As Saedi mentioned, alcohol has a drying effect on skin, and can be particularly irritating for those with sensitive skin issues, including eczema. For the least irritating experience, steer clear of sunscreens that contain alcohol.
NEAâ€™s Seal of Acceptance
The National Eczema Association has a Seal of Acceptance program that evaluates product ingredients and testing data to determine if a product is suitable for use by those living with eczema. This helps ensure products are less likely to cause a reaction in those with eczema or other sensitive skin conditions.
Tips on How to Apply Sunscreen
Cohen suggests applying a generous coat of sunscreen evenly to all exposed areas. The AAD notes that the majority of people apply 25 to 50 percent of the recommended amount; most adults will need about an ounce, or â€œenough to fill a shot glassâ€ to completely cover their body. â€œIt is important to remember to apply sunscreen to all exposed areas, including the ears, which are often missed,â€ Cohen points out. Also, the AAD suggests applying sunscreen to dry skin 15 minutes prior to exposure. And Saedi emphasizes the importance of reapplying every two hours, â€œbut sooner if you are in the water,â€ she says.
How to Take Your Sun Protection Up a Notch
Sunscreen is not the only way to guard your skin from the sun, Cohen points out. â€œSun-protective clothing is readily available for adults and children, and for people who find sunscreens irritating, this is a great option,â€ he explains. â€œMore and more brands are offering high quality sun-protective clothing, but Coolibar specializes in these products.â€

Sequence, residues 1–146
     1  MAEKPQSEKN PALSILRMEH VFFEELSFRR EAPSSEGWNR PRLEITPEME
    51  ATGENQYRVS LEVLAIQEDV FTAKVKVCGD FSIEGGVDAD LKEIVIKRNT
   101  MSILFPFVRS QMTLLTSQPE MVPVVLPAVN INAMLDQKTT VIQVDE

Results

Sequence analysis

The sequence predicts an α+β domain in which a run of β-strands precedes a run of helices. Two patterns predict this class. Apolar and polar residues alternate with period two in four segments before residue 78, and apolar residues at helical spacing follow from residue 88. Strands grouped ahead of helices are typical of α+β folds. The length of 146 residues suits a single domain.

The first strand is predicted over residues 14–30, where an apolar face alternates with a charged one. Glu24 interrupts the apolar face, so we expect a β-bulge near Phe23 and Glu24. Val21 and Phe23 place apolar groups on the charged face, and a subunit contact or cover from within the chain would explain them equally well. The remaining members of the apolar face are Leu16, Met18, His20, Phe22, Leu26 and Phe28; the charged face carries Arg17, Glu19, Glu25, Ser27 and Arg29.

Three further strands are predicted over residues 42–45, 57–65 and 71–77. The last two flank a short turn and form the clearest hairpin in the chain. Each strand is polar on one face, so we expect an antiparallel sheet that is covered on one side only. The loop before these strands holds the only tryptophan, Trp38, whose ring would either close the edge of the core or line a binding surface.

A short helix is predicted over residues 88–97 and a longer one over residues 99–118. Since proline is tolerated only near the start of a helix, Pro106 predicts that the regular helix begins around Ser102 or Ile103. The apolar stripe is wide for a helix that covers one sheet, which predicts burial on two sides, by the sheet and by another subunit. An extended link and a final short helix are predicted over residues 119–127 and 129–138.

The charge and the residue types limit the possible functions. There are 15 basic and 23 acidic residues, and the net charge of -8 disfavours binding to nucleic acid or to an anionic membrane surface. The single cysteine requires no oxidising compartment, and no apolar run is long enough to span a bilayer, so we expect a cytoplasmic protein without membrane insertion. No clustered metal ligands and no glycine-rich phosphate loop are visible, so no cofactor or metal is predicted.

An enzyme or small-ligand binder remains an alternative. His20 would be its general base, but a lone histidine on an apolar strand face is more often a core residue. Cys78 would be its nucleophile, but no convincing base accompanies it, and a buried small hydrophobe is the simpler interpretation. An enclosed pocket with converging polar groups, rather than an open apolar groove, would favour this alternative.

CeraVe Hydrating Sunscreen Broad Spectrum SPF 50 Face Lotion
Saedi is a big fan of all CeraVe products for those who are living with eczema, especially this high-SPF sunscreen. Specially formulated to provide effective UV protection on sensitive facial skin, CeraVe sunscreen features a lightweight and oil-free formula that is water-resistant for up to 40 minutes. It contains three essential ceramides, the lipid or fat molecules that form a bond and help restore and maintain the skinâ€™s natural protective barrier, and dries to a clear finish.
Neutrogena Sensitive Skin Face Mineral Sunscreen Broad Spectrum SPF 50
Saedi recommends this mineral sunscreen for people with eczema, as it is specially formulated for those with sensitive skin. It boasts a hypoallergenic and fragrance-free formula thatâ€™s waterproof and sweatproof for long-lasting wear. Its oil-free, PABA-free formula won't clog pores or cause breakouts, and it bears the NEAâ€™s Seal of Acceptance. It dries to a matte finish that makes it ideal for use alone or under makeup.
EltaMD Skincare UV Aero Sunscreen Broad-Spectrum SPF 45
This spray-on sunscreen works at any angle, and boasts a zinc-based formula that provides up to 80 minutes of water-resistant coverage. Its oil-free formula works to rehydrate and gently nourish skin while strengthening its natural moisture barrier. Dermatologist-recommended, it goes on white, but dries clear so that you can easily see any spots you may have missed.
Neutrogena Pure & Free Baby Sunblock Stick SPF 60+
Suitable for use on even the littlest people managing eczema (Saedi uses this on her own children), this sunscreen stick provides broad spectrum SPF 60 sun protection and is made with 100 percent naturally sourced ingredients to be gentle on the most sensitive skin. It provides up to 80 minutes of water- resistant coverage, and bears the NEAâ€™s Seal of Acceptance.
Vanicream Sunscreen Sport Broad Spectrum SPF 35
Cohen recommends this nongreasy lotion for those with extremely sensitive skin. It is free of most irritants â€” dyes, fragrance, masking fragrance, lanolin, parabens, formaldehyde, other preservatives, oil, odor, and gluten â€” and offers broad spectrum protection for up to 80 minutes.
Additional reporting by Caitlin McCormack.